'Early Man': Film Review
Oscar-winning British animator Nick Park, creator of the Wallace and Gromit shorts as well as 'Chicken Run,' returns with a claymation feature starring Eddie Redmayne and Tom Hiddleston as the voices of prehistoric chaps.
Early Man, the latest animated feature from the Aardman studio’s star director Nick Park (creator of the Wallace and Gromit franchise, and the recent Shaun the Sheep Movie), is about as warming, homey and distinctly British as a mug of hot, sweet, milky tea on a rainy day. Park and his team of animators have aptly married form and function by pairing the stop-motion method, a technique as old as cinema itself, with a story about a tribe of Neanderthal cave dwellers confronted by Bronze Age colonizers with European accents. (Anyone for hidden Brexit allegory?) In the end, it’s all worked out through a game of football, or “soccer,” as Yanks like to call the "Beautiful Game."
Although the star player on the field turns out to be a girl (voiced by Game of Thrones’ Maisie Williams) and there are jokes about answering-machine-like messages and so on, a strong retro vibe tints the entire film. That’s especially true of the humor in the script by Mark Burton and James Higginson, based on a story by Burton and Park, which shamelessly recycles gags from assorted inspirations, from The Flintstones, classic Ealing comedies, Carry On movies and, above all, Park’s own impeccable filmography. Audiences beyond the shrinking shores of the British Isles may not get all the specifically local references and in-jokes, but they’ll still appreciate the dryness of the vocal cast’s line delivery and the laser-like precision of the comic timing throughout, a feature further refined by Sim Evan-Jones’ ultra-crisp editing.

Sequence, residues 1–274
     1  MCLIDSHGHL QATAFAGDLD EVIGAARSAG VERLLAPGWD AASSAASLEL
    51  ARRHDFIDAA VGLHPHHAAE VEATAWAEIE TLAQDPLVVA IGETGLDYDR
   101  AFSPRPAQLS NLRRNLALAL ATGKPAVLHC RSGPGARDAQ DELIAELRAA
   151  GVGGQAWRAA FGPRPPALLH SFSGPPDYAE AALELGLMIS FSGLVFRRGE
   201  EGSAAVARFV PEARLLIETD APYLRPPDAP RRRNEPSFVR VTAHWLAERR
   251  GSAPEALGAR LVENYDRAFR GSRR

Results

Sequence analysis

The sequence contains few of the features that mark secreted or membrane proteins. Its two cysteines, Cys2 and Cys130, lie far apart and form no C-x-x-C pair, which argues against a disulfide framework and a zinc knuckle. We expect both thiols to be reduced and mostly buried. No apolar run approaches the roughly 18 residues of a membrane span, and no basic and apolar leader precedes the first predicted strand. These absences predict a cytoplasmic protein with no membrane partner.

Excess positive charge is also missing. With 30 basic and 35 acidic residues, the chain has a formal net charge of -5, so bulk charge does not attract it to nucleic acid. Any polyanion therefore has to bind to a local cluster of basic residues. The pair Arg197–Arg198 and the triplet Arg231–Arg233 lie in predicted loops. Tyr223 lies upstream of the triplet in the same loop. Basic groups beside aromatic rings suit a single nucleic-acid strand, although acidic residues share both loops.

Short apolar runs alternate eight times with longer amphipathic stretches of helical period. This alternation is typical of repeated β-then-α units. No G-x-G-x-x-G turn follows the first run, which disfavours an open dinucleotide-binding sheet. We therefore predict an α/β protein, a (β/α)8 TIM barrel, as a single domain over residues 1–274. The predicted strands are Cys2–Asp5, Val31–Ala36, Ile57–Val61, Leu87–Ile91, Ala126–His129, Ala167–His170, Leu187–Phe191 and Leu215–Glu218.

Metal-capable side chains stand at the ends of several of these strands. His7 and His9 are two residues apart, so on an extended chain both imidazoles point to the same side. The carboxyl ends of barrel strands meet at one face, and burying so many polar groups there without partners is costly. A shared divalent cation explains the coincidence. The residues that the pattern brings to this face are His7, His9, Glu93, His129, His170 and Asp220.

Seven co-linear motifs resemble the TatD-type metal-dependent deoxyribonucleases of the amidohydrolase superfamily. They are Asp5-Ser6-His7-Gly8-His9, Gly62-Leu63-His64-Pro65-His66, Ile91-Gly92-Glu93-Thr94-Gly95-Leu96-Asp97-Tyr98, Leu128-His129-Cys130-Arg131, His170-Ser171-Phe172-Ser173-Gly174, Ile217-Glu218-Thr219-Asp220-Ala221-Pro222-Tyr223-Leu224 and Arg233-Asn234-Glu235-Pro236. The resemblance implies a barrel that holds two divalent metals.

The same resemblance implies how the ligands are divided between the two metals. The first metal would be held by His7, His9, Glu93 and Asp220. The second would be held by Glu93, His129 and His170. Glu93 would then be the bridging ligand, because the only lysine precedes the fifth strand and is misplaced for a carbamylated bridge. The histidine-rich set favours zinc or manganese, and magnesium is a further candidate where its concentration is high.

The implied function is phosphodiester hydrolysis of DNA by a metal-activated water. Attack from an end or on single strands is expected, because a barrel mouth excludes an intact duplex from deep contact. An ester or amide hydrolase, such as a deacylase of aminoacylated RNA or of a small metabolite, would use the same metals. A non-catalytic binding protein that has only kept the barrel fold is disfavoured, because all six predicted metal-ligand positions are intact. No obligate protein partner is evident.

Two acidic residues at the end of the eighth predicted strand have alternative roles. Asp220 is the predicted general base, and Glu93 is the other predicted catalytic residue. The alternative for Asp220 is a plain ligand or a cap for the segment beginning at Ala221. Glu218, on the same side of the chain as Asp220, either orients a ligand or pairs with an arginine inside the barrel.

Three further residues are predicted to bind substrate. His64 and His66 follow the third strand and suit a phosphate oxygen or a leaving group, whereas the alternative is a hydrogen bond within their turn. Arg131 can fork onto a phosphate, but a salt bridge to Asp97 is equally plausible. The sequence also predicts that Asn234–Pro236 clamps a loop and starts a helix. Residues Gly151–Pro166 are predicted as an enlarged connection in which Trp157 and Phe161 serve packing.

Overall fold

A jolly pre-title sequence kicks things off in style by showing how hominids cohabiting the earth with dinosaurs (paleontological accuracy is clearly not the thing here) invented soccer with a hot meteor in the Neo-Pleistocene Era near what will eventually be Manchester and “around lunchtime," per a cheeky subtitle. Fast-forward several many millennia, and a tribe descended from those first footie-players are happily hunting and gathering in a lushly forested valley, under the leadership of aged Chief Bobnar (Timothy Spall). But young Dug (Eddie Redmayne) has ambitions and suggests that the clan try hunting something bigger than just rabbits, like buffalo or woolly mammoths. Wild boar, however, are not an option given Dug’s best friend is an inquisitive porcine companion named Hognob (grunts and snuffles voiced by Park himself), who is basically a Gromit stand-in with a massive underbite.
Cue the arrival of metal-clad warriors led by Lord Nooth (Tom Hiddleston, putting on an accent that sometimes sounds French and sometimes German, so maybe he’s from Alsace or something.) Nooth has been assigned to govern the area on behalf of the puntastically named Queen Oofeefa (Miriam Margolyes), while the colonizers mine the local caves for ore to make the bronze that’s built their empire. They take over the valley, banishing the stone-agers to the badlands beyond, and construct a town where the main entertainment is gladiatorial soccer matches. Local pot-seller Goona (Williams) longs to play but can’t because of her gender. Eventually, she and Dug team up, literally, with the stone-age tribe to form a team to play against the Nooth-backed Real Bronzio, a squad of preening, overpaid show-offs not unlike Chelsea’s recent lineups.